Maradona spoiled me. 

Mexico ’86 was the first full football tournament I watched. The excitement began well before, when every recess time a bunch of us nine-year-olds would huddle in the Saint Andrew’s School canteen, sometimes near the char kway teow uncle’s corner, sunlight creeping in to light his halo. 

We would pull little Panini packets out of our navy blue shorts and conduct the daily sticker exchange. By then school had become a distraction, our emotional cycles guided by football sticker fate. 

Even if the packet that you nervously tore open the evening before did not deliver, there was a chance that during recess you could trade. Some show offs would show up with rare commodities such as Gary Lineker or the glittering golden team stickers, insisting that they were strictly not for trade; only to later accept some ridiculous five-stickers-for-one offer. We were starting to learn about which friends would one day make great salesmen; and which friends should forever be kept far from the money.

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The last time Liverpool won the league

The last time Liverpool won the league I had just entered secondary school in Singapore. And my dreams of playing football were about to be crushed. 

The father thought that football would distract me from my studies. And the principal thought that football would distract us from rugby. St. Andrew’s School, founded in 1862 by the British, had a rich rugby heritage that seemed to be in decline, caught pincer-like between traditional rivals Raffles and the new upstarts at Dunearn. 

Harry Tan, an ageing patriarch with viewpoints as stiff as his weak back, one day decreed that he was banning school football so that young athletes could focus on rugby. Upon hearing the news Indra Sahdan Daud, the football phenomenon in our team who would go on to captain Singapore, packed his bags and left for St. Gabriel’s.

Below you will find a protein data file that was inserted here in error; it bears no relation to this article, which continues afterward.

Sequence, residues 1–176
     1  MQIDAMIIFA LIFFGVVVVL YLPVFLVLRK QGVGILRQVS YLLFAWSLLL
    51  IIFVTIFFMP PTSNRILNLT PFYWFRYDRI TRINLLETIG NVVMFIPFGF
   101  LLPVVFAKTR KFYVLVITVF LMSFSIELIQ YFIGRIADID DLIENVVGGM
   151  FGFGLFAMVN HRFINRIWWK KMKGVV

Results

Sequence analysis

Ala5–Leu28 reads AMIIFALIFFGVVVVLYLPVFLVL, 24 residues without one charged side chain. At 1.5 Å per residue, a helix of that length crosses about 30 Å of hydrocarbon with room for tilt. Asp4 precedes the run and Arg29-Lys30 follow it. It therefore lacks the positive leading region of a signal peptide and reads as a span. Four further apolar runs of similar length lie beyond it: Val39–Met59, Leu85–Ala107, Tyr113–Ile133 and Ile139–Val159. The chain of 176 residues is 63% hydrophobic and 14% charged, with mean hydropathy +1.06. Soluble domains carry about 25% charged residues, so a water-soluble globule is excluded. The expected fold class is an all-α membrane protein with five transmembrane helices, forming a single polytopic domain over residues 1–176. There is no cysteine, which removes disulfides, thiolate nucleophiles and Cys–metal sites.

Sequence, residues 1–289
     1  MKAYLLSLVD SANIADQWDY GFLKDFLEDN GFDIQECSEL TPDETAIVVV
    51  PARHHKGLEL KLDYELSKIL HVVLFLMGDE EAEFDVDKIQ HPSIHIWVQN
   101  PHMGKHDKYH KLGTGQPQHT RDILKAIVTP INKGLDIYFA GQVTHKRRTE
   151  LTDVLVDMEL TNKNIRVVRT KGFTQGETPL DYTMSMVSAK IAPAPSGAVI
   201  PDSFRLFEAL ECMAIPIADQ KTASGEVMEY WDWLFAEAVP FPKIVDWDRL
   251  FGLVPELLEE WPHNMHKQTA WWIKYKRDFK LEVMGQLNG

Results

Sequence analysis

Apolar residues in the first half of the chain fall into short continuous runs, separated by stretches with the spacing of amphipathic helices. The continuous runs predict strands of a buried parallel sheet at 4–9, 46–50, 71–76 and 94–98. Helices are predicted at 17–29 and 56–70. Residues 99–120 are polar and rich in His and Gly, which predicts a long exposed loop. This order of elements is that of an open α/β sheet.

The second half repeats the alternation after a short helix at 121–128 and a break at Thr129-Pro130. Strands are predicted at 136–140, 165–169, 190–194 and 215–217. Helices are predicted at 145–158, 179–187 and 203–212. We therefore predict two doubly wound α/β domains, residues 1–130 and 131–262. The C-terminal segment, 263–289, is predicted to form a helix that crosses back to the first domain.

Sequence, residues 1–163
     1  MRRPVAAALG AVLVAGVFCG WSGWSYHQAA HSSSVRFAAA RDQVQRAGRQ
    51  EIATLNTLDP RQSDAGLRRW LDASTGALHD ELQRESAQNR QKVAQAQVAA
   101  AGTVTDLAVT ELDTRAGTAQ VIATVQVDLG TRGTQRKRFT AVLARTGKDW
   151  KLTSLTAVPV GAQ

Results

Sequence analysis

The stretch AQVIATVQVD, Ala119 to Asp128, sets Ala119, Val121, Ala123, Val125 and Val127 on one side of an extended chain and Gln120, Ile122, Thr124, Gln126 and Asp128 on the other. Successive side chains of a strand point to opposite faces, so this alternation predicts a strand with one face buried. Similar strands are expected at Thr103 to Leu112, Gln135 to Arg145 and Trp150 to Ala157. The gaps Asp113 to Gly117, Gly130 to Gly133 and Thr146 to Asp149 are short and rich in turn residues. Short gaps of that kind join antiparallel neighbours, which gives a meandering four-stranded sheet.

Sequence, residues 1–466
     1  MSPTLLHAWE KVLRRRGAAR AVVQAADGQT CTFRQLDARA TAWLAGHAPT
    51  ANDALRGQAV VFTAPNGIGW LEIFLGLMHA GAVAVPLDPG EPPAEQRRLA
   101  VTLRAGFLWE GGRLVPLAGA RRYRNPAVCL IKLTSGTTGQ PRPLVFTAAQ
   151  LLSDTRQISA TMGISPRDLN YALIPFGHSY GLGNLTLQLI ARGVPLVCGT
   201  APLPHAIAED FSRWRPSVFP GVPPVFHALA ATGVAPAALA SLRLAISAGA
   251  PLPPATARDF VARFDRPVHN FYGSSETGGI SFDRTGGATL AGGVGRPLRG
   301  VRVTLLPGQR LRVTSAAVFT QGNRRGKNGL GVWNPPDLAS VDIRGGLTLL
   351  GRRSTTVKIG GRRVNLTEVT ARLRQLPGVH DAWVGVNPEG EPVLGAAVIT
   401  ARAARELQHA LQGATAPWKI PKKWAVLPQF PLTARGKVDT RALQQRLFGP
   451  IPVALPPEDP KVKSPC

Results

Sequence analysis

So while we played rugby inside the school, we played football outside the school, using a plastic ball that drifted in the wind, on a cement handball court that was primed for bruises and sprains, smack in the middle of Potong Pasir, then proudly the only opposition ward in the whole country. 

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Dear football fans: a video

  For fans of the English Premier League. From the perspective of a Singaporean. Before I begin work on a series of socio-political videos, I wanted to make one video at home by myself, from camera and lighting to editing. Partly so I know what’s involved, and also partly so I’m self-sufficient with video if need be. I know all this comes easily to many … Continue reading Dear football fans: a video

human frailty as told by Zinedine

let me preface my World Cup Final observations by admitting how much I admire Zidane. His swansong I awaited like a numbed coke head, yearning for the highs of yesteryear, yet never truly expecting much more. that it ended bittersweet was very French, very fitting and very forgettable, the effects of whisky having a far more brutal effect on my memory than age did on … Continue reading human frailty as told by Zinedine

football in america

like most of you, i have been glued to the world cup. following it here, in the US, has been a particularly fascinating experience. Speaking to Americans and listening to American commentators has given me some insights into their thoughts on football, and maybe, life. americans have an obsessions with stats. at many inopportune moments during a game, ESPN will indulge in a computer graphic … Continue reading football in america

The Ticket Auntie only strikes fear in the hearts of some

“What la, these fellas, spend hundred dollars on petrol, one two dollars also cannot put,” said the Skinny Tamil as he walked past me. I was sitting on the Astroturf at St. Wilfred’s Sports Complex, off St. George’s Rd, Bendemeer. I quite like playing there. Except for the micro black rubber sand that squirms into every possible crevice on your person – shorts, shirts, boots, … Continue reading The Ticket Auntie only strikes fear in the hearts of some